One woman was looking for moose, scouring the map for a place called “Moose Junction.” The other let me know, as she rubbed sanitizer into her hands, that the door on the tiny bathroom didn’t lock.
“Eh. They’re all together anyway.”
I was referring to the five-person line that Ron and I were solely responsible for outside that bathroom, each of our little humans hoping the person in front of them would make it quick. We had been driving for a bit, leaving Yellowstone National Park, and had come upon the entrance to Grand Teton National Park.
We wanted a photo, like most people do. The kids needed a bathroom. And somehow the universe thought I needed that interaction with those women – because, it stuck with me.
As we walked toward the sign, trying to gather all of our ducklings for a fun photo at this epic park, we noticed the two women were taking individual photos of each other at the sign. Ron offered to take one of both of them. They were thrilled.
And then the one who warned us about the bathroom offered very specific instructions. She wanted the photo sideways, which we would do anyway, and she wanted Ron to hold the button down for a long time to get as many quick photos as possible so that she and her friend could jump down from the sign.
“We’ve been doing it at every park we’ve been to.”
They jumped. Ron got a few dozen frames. And then they offered to do the same for us – which is MUCH more difficult with seven people than two.
And when she asked us to take a look and see if the photo worked, I remember waving her off. She had done enough. We didn’t need to check. We didn’t need to redo anything. If it worked, it worked. We didn’t need to ask any more of her.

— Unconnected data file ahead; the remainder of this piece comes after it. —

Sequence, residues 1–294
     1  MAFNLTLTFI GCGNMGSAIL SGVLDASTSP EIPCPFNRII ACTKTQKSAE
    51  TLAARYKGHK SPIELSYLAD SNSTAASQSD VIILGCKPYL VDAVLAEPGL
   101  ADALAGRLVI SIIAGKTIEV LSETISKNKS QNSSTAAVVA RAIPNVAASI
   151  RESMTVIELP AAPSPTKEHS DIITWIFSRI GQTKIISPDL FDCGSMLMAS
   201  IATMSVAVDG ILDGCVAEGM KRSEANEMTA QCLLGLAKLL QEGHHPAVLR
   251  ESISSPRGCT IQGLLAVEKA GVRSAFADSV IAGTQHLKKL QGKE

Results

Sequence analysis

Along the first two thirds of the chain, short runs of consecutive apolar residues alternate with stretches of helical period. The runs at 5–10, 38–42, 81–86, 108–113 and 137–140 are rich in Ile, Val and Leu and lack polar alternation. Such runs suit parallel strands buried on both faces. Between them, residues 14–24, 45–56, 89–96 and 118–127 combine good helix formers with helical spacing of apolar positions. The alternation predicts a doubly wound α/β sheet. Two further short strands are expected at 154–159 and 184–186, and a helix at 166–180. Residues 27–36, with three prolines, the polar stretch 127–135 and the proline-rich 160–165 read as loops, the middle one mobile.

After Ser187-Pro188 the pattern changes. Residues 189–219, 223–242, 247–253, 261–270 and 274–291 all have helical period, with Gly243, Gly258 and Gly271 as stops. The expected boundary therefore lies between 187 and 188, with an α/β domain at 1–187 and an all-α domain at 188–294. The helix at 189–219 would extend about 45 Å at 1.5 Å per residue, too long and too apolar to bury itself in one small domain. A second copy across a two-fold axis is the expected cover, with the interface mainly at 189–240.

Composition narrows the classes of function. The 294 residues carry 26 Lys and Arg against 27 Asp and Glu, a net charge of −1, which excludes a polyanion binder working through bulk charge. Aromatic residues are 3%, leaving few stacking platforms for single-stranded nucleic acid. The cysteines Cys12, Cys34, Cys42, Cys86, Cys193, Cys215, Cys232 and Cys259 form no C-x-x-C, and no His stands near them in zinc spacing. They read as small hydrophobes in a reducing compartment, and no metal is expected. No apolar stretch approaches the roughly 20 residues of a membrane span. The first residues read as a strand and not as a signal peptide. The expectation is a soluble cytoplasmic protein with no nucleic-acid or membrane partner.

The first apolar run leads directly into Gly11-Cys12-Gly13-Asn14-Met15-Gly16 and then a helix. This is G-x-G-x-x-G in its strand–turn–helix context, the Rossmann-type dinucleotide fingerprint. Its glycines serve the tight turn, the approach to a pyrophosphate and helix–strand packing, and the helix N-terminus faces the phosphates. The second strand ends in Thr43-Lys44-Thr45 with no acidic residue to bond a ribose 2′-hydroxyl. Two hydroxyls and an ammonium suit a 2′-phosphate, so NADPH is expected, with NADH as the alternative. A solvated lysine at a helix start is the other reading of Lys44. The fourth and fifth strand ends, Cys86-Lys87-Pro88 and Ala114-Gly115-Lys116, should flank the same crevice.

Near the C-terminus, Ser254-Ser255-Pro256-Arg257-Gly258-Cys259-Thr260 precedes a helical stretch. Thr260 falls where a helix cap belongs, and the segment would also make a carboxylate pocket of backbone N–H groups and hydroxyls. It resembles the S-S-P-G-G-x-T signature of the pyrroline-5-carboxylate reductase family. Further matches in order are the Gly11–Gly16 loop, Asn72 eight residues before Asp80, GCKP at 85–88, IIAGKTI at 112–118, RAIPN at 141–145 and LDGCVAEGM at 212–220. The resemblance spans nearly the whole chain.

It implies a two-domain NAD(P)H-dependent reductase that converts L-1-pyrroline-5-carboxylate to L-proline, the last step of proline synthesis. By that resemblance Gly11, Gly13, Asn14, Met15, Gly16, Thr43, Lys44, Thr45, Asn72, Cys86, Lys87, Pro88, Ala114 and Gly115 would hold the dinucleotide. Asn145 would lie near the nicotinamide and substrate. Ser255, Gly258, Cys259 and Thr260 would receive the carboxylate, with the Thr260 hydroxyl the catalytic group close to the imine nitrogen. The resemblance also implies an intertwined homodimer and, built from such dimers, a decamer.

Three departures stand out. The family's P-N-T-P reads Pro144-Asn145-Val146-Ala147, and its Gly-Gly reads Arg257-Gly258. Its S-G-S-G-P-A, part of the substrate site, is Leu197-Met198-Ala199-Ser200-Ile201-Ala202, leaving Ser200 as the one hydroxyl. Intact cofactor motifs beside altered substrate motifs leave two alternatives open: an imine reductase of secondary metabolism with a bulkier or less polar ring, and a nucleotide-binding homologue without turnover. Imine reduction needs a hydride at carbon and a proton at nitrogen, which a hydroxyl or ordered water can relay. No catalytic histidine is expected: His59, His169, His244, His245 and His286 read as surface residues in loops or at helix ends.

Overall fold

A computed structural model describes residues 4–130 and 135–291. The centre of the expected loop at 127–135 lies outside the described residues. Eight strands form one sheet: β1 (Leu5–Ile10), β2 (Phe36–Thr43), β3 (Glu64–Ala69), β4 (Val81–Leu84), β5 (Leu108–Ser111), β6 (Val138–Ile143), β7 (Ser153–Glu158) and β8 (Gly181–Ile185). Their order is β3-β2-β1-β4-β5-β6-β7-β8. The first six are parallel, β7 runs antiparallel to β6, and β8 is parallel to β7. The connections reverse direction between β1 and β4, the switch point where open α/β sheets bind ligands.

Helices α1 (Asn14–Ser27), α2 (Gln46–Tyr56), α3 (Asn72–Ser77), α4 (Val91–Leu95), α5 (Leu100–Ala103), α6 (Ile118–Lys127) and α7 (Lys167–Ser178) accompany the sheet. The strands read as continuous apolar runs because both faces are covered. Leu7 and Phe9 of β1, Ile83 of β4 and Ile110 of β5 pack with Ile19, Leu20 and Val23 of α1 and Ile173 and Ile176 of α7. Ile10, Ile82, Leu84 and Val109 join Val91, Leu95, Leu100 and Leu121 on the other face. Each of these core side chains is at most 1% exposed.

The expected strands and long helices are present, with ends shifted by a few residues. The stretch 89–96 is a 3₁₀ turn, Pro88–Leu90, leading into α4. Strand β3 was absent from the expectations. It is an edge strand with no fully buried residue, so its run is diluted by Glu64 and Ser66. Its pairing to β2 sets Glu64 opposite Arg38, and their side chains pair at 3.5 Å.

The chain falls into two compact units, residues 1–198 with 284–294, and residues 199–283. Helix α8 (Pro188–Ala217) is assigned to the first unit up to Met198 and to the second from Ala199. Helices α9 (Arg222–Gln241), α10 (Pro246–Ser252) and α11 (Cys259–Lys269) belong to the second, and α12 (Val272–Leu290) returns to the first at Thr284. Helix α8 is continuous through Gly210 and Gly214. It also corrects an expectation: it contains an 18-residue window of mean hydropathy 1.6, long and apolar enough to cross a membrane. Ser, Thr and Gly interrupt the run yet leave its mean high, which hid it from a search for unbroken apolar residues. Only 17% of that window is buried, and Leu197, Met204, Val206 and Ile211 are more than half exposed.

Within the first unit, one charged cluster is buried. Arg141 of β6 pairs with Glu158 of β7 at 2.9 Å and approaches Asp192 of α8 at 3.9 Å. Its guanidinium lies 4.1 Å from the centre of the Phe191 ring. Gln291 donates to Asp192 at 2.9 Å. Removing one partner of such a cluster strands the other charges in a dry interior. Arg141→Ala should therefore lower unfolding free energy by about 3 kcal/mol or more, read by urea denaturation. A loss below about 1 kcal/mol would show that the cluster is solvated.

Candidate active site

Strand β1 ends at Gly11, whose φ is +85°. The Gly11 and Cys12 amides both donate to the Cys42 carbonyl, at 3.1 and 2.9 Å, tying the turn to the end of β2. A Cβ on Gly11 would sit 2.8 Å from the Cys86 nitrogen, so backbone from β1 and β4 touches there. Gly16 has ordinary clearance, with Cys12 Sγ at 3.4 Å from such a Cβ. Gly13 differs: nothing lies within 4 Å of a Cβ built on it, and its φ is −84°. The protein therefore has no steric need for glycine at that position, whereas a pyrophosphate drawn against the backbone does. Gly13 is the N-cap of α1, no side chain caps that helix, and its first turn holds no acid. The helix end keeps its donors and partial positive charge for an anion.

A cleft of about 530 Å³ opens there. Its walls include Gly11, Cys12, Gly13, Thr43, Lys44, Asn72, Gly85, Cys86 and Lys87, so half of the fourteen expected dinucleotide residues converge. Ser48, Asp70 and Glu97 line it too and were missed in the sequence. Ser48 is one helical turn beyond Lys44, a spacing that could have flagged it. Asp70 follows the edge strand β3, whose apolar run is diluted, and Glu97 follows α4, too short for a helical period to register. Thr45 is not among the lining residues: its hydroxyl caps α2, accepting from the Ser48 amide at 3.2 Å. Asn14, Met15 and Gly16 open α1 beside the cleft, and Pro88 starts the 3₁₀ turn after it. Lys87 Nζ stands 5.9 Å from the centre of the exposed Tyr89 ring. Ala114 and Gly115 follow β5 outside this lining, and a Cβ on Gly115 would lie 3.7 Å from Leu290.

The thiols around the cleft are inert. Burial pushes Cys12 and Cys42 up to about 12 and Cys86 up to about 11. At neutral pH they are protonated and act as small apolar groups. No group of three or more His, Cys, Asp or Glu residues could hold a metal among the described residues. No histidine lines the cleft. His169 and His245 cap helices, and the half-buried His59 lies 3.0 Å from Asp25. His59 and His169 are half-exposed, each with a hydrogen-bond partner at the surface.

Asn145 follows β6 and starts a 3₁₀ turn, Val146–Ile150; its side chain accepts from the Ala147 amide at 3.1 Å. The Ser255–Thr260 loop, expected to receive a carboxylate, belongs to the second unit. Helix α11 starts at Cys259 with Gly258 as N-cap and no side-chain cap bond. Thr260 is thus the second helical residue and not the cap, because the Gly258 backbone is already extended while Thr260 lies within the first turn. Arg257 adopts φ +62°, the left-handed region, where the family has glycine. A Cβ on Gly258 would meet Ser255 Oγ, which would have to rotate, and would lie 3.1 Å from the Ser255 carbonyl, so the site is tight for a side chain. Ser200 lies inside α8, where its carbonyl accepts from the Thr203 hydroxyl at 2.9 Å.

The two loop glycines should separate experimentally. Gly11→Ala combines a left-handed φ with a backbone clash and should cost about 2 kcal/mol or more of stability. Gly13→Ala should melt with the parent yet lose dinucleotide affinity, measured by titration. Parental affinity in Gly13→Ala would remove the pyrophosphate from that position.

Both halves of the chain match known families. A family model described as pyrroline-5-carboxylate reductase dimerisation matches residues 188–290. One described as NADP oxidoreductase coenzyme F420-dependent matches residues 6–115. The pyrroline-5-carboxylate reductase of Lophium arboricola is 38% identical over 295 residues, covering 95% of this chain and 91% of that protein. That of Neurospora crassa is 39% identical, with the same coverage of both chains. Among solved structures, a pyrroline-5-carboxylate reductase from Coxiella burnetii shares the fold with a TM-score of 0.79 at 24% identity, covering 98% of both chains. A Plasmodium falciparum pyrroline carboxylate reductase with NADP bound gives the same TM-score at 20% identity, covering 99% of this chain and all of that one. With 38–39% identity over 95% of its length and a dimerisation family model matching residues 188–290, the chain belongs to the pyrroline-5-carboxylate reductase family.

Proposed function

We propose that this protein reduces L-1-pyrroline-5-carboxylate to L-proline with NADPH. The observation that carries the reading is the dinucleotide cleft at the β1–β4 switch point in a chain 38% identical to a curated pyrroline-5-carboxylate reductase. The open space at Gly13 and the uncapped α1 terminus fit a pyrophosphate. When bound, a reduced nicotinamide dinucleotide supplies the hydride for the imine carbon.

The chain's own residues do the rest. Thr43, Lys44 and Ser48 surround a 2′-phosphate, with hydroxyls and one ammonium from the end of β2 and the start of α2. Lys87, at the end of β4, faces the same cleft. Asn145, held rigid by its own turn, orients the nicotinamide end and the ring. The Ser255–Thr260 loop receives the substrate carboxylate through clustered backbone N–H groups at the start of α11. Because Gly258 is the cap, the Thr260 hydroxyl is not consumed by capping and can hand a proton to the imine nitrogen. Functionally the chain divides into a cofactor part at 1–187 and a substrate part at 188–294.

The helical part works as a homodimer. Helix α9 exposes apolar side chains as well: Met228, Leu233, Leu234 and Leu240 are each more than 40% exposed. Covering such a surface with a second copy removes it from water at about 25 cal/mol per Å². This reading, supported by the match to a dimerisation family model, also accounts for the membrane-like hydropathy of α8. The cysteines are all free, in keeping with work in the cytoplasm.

And since that moment, I’ve been struck by the ease she had with asking total strangers for exactly what she wanted. And she did it without fumbling or stuttering or being sheepish IN THE LEAST.
She didn’t just ask for a photo. She asked that it be taken a certain way.
Totally direct. Totally specific. And she got what she wanted, because she was direct and specific, but also because what she wanted wasn’t wild and crazy. We weren’t put out by it at all.
So why the hell can’t I be more like her? This jumping-sanitizer-stranger? About everything?
Why can’t I tell the person behind the deli counter that no, I didn’t want a pound of turkey when I asked for a half-pound? No, we won’t be able to eat all of that mistake? No, I don’t want to pay twice what I had planned on paying because you didn’t stop slicing?
Because, that person was probably busy today and just didn’t hear me. Or maybe that person can’t hear at all? So, why be that one extra thing that makes their day kinda crummy?
Why can’t I take a second, even when someone offers, to check to see if a photo worked? Or ask the person taking the photo to get closer? Like, why?
Because, they probably have to go….somewhere. They probably want to get into the park and not spend two extra minutes taking a new photo of us, in a moment we might not ever be in again.
That seems to be a perpetual conversation for me with myself – which I realize as I’m writing could absolutely come off as a weakness. And maybe it is, this pleasing thing. I do speak up when I need to, but I also choose my moments with precision – so those on the other end know the gravity of it.
Is it because I was raised in the Midwest? Is it because I’m a woman? Is it because there’s a section of my DNA that only allows for pleasing and explicitly prohibits any sort of self-focused need from others?
Or, is it just practice? And age and comfort. Or some mix of all of those ingredients that eventually blend together to become my personal, emotional cocktail.
Also, I will never see those women again. Ever. Like, it would be crazy if I did – and even crazier if we recognized each other after a five-minute interaction at a national park entrance. So why not just check the photo?
Why not tell the person you only wanted a half-pound of turkey? Why not tell the person the beer they brought to the table is flat? And then, why not be forward about what it is you need or want – right then?
Practice. It must take practice, especially if you’re not built that way. Emotional training, I guess? I think I might need to add some reps to the workout.